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Food for fussy children


WebMD Medical Reference
Medically Reviewed by Dr Rob Hicks

Small children can be cute but they can also be opinionated and stubborn, especially when it comes to eating. If your three, four or five-year-old is turning into a fussy eater, take some tips from the experts and make mealtimes fun again.

What’s on the menu?

Young children should eat a healthy and varied diet to get all the nutrients they need for growth and development and to establish good eating habits for life.

Preschool children are growing fast and are usually very active, which means they have high energy and nutrient requirements in relation to their size. The British Nutrition Foundation says a good supply of protein, calcium, iron and vitamins A and D is necessary during this time. Calcium is needed for healthy tooth development and, together with vitamin D, helps make bones stronger. Childhood is an important time for tooth and bone development.

Make time for meals

Regular family meals provide opportunities for good nutrition, and much more. Eating together encourages good table manners and fosters language development and conversational skills. When you minimise distractions by turning off the television and turning on the telephone answering machine, you show your child that mealtimes are for enjoying good food and nurturing meaningful relationships.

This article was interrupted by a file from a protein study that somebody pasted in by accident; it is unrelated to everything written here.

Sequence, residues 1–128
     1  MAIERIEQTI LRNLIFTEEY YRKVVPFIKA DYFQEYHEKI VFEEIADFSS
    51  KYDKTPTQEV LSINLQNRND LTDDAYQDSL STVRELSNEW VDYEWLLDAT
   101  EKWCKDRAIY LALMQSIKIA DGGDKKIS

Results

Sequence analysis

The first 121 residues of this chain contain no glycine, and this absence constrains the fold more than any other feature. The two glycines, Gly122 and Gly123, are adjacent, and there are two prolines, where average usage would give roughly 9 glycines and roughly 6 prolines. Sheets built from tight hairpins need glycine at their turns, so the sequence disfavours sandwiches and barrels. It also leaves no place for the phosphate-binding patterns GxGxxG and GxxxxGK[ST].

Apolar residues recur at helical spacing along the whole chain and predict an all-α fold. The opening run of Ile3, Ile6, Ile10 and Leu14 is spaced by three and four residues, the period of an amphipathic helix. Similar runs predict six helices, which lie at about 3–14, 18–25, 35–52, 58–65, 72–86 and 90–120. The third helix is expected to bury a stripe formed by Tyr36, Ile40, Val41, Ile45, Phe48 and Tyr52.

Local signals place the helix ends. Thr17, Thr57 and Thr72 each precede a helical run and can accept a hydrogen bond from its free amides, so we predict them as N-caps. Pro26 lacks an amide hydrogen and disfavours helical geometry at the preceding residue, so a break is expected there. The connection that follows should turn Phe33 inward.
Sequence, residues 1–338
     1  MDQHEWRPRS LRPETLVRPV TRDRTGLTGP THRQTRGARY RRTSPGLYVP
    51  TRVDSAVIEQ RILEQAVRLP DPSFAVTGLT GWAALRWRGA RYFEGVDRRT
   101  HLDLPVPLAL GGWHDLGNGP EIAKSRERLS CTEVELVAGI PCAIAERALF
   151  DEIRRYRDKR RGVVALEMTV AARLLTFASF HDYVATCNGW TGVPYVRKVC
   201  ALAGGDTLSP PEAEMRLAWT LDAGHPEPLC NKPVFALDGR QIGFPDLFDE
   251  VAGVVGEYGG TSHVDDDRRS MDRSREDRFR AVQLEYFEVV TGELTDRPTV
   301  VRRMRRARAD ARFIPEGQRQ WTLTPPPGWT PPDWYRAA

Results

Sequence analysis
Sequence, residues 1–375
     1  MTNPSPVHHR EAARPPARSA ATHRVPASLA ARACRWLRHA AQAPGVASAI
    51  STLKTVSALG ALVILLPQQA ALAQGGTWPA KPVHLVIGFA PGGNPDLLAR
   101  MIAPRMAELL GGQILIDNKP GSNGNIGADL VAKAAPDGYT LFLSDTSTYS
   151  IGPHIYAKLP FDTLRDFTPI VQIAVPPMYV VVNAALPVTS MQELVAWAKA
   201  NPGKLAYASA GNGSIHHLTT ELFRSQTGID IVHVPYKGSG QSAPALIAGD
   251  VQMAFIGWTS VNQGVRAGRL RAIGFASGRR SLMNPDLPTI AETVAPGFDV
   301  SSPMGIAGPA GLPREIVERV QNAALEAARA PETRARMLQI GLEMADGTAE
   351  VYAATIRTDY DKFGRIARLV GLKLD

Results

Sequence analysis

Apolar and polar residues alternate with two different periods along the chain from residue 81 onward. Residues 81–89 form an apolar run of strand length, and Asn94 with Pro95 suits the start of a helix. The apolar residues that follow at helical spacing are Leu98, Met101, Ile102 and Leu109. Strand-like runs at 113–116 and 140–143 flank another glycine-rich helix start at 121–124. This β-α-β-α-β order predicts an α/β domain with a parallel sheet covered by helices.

While the ritual of regular meals is comforting to children, eating with preschool children can be chaotic and messy. Expect spills and some sloppy eating as your youngsters learn to eat by themselves.

Lead by example

Do you want your child to accept baked potatoes instead of chips, and to prefer milk to sugary fizzy drinks? Then you must, too. The best way to prepare your child for a lifetime of healthy eating is to let them see you eating well, with a positive attitude to food.

Here are some suggested food substitutes, providing both variety and good nutrition:

  • Couscous instead of white rice.
  • Sweet potatoes instead of white potatoes.
  • Ham instead of bacon.
  • Mashed potatoes made with skimmed milk instead of chips.
  • Yoghurt instead of ice cream.

Snacks fill the gap

Regular meals and snacks help ensure a healthy diet for preschool children, but they don’t always follow a rigid eating plan. Illnesses (including ear infections and colds), fatigue and growth spurts can temporarily upset the timetable and change the amount a young child consumes.

Healthy snacks between meals can help fill nutrient gaps in a little one’s diet. The best snacks are nutritious foods eaten in amounts that take the edge off hunger. Try these delicious snack options for your preschool child and you won’t need to worry if they’re not ravenous at their next meal:

  • Half a sandwich.
  • Well-cooked vegetables and low-fat dip.
  • Wholegrain biscuits and cheese.
  • Yoghurt.
  • Fruit smoothies.
  • Milk.
  • Chopped hard-boiled eggs or scrambled eggs.
  • Cereal, on its own or with milk.
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